users was used up pretty fast and was just "a drop in the bucket."  Then came
Dr. Neff who needed a post office or a hub for students to communicate.
As soon as Mr. Grunder found out about this, he went and talked to Dr. Neff
and both problems were solved.  CWRU found a place for their students to
communicate and Free-Net found a place to get money.  Is that it?  Is that
the only reason why CWRU is supporting the Cleveland Free-Net?  The answer
to that is a very simple "no".  Case Western Reserve has their name, as you
know, listed in several spots of the Free-Net.  It also has several
different sections on the Free-Net for their students to use such as the
CWRU bookstore, CWRU film society, CWRU Information Network Services,
CWRU student activities and just general CWRU.  It will also be known
world-wide for the Cleveland Free-Net. The few millions that they have given
Free-Net is a very small price to pay for free publicity and their name in
the history books.

     The few thing that still bothers me is:  How much influence does CWRU
have over the Free-Net?  Can CWRU fire any paid member of the Free-Net
that does not agree with what CWRU wants to do with the Cleveland
Free-Net?

     Another thing is, Mr. Grunder had an idea of a "Tele-port" which will
allow users of the Free-Net to connect with other systems in the future.  Did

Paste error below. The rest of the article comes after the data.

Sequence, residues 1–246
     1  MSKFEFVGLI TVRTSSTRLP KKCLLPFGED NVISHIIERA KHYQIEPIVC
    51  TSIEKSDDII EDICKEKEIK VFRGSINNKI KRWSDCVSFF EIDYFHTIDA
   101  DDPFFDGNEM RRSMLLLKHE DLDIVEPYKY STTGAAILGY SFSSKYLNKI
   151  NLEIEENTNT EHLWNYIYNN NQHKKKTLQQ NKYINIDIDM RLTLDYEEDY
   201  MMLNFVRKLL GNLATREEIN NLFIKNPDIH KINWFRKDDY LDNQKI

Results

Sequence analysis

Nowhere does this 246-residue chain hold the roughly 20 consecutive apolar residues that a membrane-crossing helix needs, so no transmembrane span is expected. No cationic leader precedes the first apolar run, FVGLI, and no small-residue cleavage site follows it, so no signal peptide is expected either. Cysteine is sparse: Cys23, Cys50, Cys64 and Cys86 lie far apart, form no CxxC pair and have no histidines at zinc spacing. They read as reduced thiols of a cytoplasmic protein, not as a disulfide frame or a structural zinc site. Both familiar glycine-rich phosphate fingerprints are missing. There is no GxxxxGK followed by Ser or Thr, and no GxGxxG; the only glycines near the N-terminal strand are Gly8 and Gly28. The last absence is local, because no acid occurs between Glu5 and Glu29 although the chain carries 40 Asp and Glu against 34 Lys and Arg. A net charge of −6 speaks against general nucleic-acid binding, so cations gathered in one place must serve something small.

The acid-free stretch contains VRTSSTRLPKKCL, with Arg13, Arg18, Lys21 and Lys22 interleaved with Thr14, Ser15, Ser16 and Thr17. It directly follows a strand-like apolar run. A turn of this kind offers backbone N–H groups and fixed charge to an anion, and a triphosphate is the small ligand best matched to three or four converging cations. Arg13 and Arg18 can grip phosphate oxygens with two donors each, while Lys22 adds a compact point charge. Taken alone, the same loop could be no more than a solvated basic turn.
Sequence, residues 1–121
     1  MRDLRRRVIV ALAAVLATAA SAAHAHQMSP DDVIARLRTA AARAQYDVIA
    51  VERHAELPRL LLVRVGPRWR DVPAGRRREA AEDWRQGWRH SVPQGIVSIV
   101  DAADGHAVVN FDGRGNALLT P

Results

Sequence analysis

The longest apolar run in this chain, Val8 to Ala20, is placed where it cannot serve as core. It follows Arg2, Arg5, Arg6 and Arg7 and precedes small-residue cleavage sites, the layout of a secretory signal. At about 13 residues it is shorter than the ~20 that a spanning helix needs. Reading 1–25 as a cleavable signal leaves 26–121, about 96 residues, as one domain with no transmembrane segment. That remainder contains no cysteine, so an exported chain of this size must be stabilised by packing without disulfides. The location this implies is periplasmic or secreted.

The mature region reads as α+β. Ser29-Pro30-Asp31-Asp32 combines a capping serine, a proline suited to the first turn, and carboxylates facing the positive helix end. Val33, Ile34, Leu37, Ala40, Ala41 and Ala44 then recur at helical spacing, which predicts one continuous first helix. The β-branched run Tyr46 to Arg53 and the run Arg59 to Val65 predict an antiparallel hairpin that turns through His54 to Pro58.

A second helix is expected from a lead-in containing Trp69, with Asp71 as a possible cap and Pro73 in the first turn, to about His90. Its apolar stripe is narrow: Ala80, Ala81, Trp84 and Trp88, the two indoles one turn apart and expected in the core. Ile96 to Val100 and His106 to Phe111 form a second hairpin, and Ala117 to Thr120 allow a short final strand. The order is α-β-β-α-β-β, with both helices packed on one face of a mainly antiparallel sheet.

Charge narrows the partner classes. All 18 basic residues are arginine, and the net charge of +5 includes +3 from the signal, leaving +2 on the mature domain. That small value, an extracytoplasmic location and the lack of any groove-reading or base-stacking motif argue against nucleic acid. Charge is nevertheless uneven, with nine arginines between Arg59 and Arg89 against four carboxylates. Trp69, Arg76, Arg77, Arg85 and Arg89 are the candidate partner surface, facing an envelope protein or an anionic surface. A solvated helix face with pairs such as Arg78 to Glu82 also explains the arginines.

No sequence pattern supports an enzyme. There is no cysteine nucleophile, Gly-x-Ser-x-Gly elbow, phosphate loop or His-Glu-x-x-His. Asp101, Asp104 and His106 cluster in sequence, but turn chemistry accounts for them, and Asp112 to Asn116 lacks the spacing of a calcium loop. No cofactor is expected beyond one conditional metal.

CWRU-Net steal this idea to have it only for their students and not have
it on the Free-Net?  Dr. Neff did say that he plans for CWRU-Net to connect
with other systems for the students to have access to even more
information.  I just hope that the Free-Net community will be allowed to
connect to these systems as well.

     I also am wondering about the ability for 320 incoming phone lines.
Will we even reach a quarter of that? Also, if the Cleveland Free-Net is
suppose to stir up other cities to have a similar system then why not
have a "1-800" number to show others in the country what Free-Net is all
about?


     I believe that the Cleveland Free-Net is still a community system
and that Free-Net II and just Free-Net would not be here today if it wasn't
for some financial assistance from Case Western Reserve. I also believe that
even though CWRU is giving a good amount of money to the Free-Net, it
should not look like they own it. CWRU did give all their students
access to the Free-Net.  I am sure that if other universities asked Free-Net
for that, they would be declined. The Free-Net isn't a Bit-Net and
shouldn't be run by college students. It is a "Community Computer System".
I know now that CWRU-Net has access to the Cleveland Free-Net but the
Cleveland Free-Net so far only has access to itself.

Thank you.



Len Stys (aa399)



-Article #153 (208 is last):
-Newsgroups: freenet.sci.comp.atari.news
-From: aa338 (Mark Leair)
-Subject: A chat with Keith Ledbetter
-Date: Tue, 29 Aug 89 22:54:38 EDT


                         A Chat with Keith!

The following is an exclusive interview between PBN and Keith    
Ledbetter.

Q: What was your first major production for the Atari 8 bit?

A: To tell you the truth, I don't really remember what my first major
   program was.  But if I could remember, I'm sure nobody would have